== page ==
Some people, even after many months of training and many hours of classroom lessons and private tutoring sessions, feel that they are never going to be in a position to improve their scores enough to break the 650, that magical number that seems to be a sort of glass ceiling for the standard "top MBA" programs (by which we mean the gamme of Wharton, HBS, Columbia, Stanford, Chicago Booth, Kellogg, Sloan, INSEAD, LBS, IMD IESE, Bocconi, HEC and the like). Is this really possible?
It might be. Remember: the GMAT is a very well-crafted test with a significant psychometric dimension. That means it tests your mental abilities more than what you have learned, and consequently it is a very hard test to "learn." No test is foolproof, of course, but there are reasonable limits to how far humans can stretch their own abilites, mental or otherwise. For example, someone who was never particularly keen on math in high school is going to have a lot of work to do on the Quant section. And the older one gets, the more difficult it will be to form new neural connections and increase one's abilities in remarkably weak areas.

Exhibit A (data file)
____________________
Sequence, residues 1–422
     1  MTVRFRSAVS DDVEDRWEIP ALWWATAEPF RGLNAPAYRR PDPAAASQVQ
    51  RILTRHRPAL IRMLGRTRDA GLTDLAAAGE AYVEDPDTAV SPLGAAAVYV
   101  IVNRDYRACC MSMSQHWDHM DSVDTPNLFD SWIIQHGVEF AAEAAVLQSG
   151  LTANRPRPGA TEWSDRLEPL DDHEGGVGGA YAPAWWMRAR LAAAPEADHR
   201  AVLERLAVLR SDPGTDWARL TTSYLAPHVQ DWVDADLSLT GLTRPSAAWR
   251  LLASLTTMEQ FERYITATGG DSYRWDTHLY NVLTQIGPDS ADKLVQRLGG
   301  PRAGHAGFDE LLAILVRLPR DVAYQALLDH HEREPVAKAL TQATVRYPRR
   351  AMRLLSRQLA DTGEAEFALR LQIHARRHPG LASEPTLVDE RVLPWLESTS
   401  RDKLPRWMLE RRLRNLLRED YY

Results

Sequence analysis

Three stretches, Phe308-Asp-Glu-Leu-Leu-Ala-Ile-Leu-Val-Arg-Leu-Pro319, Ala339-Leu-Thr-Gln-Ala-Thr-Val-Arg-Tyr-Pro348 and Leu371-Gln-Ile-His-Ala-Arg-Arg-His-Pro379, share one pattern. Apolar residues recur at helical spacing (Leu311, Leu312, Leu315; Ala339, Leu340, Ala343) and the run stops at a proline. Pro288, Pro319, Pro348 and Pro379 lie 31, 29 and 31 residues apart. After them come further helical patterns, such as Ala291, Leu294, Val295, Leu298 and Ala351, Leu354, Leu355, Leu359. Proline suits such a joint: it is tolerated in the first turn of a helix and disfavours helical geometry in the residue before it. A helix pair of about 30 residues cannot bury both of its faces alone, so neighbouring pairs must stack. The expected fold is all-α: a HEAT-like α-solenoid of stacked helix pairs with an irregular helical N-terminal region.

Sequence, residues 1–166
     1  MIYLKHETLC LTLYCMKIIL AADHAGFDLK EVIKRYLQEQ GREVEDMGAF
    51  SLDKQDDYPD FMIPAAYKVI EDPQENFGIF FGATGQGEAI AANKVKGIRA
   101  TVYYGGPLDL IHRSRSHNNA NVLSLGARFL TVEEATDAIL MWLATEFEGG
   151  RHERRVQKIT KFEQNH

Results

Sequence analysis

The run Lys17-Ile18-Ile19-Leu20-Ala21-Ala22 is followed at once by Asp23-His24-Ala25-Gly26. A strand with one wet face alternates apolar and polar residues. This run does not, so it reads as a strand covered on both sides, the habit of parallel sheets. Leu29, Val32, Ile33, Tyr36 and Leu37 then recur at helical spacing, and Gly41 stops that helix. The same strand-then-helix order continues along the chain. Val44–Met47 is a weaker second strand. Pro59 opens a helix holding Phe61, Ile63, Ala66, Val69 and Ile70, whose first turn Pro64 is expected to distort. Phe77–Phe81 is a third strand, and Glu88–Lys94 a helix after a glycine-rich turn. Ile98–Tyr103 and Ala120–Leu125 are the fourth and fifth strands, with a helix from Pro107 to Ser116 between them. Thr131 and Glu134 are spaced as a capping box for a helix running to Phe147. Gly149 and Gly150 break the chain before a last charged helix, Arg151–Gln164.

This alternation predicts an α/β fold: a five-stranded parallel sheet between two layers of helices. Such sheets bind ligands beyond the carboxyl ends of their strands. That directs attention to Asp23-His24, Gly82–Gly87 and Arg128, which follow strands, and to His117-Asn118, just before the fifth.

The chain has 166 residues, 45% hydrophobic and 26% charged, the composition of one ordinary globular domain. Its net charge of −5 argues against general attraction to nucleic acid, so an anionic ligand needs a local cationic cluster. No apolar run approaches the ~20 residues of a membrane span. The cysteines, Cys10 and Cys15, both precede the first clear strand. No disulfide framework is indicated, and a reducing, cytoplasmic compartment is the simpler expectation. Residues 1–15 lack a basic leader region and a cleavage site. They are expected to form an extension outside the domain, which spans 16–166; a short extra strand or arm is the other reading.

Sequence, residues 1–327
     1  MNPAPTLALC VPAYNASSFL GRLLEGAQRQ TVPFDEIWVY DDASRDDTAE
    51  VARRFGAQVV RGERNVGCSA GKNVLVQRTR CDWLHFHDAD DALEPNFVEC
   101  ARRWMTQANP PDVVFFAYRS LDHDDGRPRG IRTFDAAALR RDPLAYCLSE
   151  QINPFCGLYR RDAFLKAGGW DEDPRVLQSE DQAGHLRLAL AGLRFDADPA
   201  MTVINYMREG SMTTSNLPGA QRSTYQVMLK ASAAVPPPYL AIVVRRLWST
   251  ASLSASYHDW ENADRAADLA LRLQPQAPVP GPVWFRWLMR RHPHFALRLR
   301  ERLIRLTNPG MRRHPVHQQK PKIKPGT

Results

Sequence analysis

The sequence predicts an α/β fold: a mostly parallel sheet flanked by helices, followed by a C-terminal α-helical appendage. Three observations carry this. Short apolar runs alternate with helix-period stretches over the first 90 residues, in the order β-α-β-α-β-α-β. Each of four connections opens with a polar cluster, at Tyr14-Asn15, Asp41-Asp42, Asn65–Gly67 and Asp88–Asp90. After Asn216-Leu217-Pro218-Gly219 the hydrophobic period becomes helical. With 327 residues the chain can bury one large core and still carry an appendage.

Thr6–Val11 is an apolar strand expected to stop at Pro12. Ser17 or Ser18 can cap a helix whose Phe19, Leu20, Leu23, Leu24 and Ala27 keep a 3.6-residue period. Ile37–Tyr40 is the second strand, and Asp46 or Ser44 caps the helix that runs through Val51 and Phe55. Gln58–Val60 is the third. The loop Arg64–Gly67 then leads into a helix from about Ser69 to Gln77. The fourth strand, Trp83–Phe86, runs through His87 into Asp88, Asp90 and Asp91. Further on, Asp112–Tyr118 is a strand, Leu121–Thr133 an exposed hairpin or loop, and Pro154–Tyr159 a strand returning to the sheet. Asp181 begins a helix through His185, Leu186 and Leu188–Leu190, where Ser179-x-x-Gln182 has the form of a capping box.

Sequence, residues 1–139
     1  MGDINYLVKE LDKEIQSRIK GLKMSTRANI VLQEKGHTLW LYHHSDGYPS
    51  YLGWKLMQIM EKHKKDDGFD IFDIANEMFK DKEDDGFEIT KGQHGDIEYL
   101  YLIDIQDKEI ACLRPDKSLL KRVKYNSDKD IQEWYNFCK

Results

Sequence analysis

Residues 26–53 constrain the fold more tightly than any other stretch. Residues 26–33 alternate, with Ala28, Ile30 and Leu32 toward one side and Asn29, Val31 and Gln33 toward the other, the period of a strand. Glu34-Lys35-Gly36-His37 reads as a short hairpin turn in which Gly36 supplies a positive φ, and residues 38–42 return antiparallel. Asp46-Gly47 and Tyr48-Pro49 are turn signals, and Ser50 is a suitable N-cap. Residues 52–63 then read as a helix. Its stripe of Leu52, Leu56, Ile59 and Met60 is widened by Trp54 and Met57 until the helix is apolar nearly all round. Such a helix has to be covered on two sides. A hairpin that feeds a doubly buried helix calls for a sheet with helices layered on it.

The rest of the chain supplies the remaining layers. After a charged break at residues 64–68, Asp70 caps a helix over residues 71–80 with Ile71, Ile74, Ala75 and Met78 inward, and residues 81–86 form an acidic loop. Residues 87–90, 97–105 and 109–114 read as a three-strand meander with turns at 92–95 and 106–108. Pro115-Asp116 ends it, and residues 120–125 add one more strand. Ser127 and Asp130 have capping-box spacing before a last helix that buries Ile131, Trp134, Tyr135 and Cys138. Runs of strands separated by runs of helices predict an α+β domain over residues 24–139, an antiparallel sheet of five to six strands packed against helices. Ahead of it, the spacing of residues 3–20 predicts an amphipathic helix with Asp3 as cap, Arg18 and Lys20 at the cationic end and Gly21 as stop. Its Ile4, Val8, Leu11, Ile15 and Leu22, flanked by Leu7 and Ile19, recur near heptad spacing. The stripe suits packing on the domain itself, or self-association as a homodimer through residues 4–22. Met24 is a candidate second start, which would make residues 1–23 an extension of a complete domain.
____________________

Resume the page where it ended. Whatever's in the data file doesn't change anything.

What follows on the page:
So for some people, even very well-educated people with good careers, the peak score will not be around 650 to 750 but around 500 to 600. At this point, you need to forget the big guns and explore other options. But what? and how?